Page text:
`=MIN(D5:D9)`

Here, the **MIN** function runs through the cells **D5:D9 **and returns the lowest value.

- To get the lowest value in that range, press
**ENTER**.

### 5. MINA Function

**The MINA function** also returns the smallest value from a list of values provided. It can incorporate numbers, text representations of numbers, and logical values. Similar to the **MAXA** function, it considers **TRUE **as **1 **and **FALSE **as **0**.

__Syntax__:

`=MINA(number1,[number2],...)`

Argument | Required/Optional | Explanation |
---|---|---|

number1 |
Required | the first number/argument to evaluate |

number2 |
Optional | one can list up to 255 additional numbers/arguments, for evaluation |

** Steps**:

- Firstly, apply the following equation to find the lowest value using the
**MINA**function:

`=MINA(B5:D5)`

Here, the **MINA **function runs through the cells **B5:D5 **and returns the lowest value.

- Press
**ENTER**to get the lowest value.

**AutoFill**the remaining cells.

### 6. SMALL Function

**The SMALL function **returns the** k-th** smallest value in a list of values. One can use this function to return the lowest value (the same value the **MIN** function would return) or the second lowest value in a data set or the third lowest value in a data set and so on.

__Syntax__:

`=SMALL(array,k)`

Argument | Required/Optional | Explanation |
---|---|---|

array |
Required | The array of data to evaluate |

k |
Required | The position from the largest value which one wants to return |

I have taken a dataset of examination marks to explain the **SMALL** function. I want to find the **Second lowest** marks.

** Steps**:

- Input the following equation to find the second lowest value using the
**SMALL**function:

`=SMALL(D5:D9,2)`

Here, the **SMALL** function runs through the cells **D5:D9 **and returns the second lowest value as I mentioned the position from the lowest value by **2**.

- Now, hit the
**ENTER**button to have the second lowest value.

## Comparison Among MAX vs MAXA vs LARGE and MIN vs MINA vs SMALL Functions in Excel

### Comparison Among MAX, MAXA, and LARGE Functions

We can calculate the highest number using **MAX**, **MAXA**, or **LARGE **functions. But there is a huge difference in terms of calculating the highest marks. I have shown a comparison in the following section where I have calculated the highest value row-wise. From the comparison, we can come to the points:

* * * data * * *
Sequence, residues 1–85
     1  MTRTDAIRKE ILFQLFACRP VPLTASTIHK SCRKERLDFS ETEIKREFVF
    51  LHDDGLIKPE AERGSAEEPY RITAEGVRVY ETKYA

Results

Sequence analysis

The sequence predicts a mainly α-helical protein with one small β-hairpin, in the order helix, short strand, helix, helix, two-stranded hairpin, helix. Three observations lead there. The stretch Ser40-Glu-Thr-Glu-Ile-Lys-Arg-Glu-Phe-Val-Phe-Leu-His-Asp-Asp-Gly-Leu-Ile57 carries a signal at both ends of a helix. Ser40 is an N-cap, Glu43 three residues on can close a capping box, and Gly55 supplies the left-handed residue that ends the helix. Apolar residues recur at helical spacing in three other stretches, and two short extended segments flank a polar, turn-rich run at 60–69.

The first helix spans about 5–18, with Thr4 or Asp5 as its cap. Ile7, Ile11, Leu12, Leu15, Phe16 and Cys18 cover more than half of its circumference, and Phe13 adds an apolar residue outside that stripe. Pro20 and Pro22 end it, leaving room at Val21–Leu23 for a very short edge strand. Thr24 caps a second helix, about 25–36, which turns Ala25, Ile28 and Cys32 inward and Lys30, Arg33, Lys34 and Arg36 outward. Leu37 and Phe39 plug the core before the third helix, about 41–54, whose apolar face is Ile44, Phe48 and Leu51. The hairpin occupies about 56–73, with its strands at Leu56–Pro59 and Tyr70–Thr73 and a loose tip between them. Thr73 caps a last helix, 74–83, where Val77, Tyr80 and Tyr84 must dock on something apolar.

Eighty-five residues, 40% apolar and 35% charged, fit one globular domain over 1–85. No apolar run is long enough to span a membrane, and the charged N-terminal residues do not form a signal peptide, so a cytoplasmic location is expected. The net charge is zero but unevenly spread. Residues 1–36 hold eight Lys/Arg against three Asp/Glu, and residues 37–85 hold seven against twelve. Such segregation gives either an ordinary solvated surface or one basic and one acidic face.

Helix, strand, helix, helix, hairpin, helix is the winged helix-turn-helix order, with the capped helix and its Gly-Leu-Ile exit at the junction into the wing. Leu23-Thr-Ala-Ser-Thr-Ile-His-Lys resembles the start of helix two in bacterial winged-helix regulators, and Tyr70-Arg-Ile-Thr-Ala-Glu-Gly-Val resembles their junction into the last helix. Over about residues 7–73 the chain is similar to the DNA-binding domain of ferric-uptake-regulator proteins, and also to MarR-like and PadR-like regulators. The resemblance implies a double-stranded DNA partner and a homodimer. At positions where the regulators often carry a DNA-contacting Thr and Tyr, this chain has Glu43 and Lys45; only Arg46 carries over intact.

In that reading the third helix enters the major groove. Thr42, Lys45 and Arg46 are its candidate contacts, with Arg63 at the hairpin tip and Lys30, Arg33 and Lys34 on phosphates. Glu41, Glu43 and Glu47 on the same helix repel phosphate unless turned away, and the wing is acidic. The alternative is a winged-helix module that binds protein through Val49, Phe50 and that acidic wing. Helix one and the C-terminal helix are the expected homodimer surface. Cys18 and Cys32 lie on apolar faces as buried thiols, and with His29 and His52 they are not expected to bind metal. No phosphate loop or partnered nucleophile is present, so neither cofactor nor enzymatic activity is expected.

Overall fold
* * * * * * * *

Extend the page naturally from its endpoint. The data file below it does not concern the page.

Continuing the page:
- Only
**the MAXA function**considers arguments. It considers**TRUE**as**1**and**FALSE**as**0**. So, it returns the output based on both numbers and arguments. But the**MAX**and**LARGE**functions do not consider arguments. They only take numbers into account. - With
**the LARGE function**, we can calculate the Highest number, the second highest number, and so on. But with**MAX**and**MAXA**, we can only calculate the highest number.

**Read More: **How to Find Mean, Median, and Mode on Excel

### Comparison Among MIN, MINA, and SMALL Functions

Using **MIN**, **MINA **and **SMALL **functions, we can calculate the smallest number. I have tried to show a comparison in the following section by finding the minimum value row-wise. Applying the formula explained in the above section, we have created this comparison table. According to the result, we can come to the conclusion that:

- The
**MIN**and**SMALL**functions only consider numbers. They do not take arguments into account. But the**MINA**function considers both numbers and arguments. - We can calculate the lowest number and numbers close to the lowest number using the
**SMALL**function. But with**MIN**and**MINA**, we can only calculate the lowest number.

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## Conclusion

In this article, I have tried to explain a comparison between **MAX **vs** MAXA **vs **LARGE** and **MIN **vs **MINA **vs **SMALL** functions in Excel. I hope it has given you a complete idea of the differences among them. It will be a matter of great pleasure for me if this article could help any Excel user even a little. For any further queries, comment below.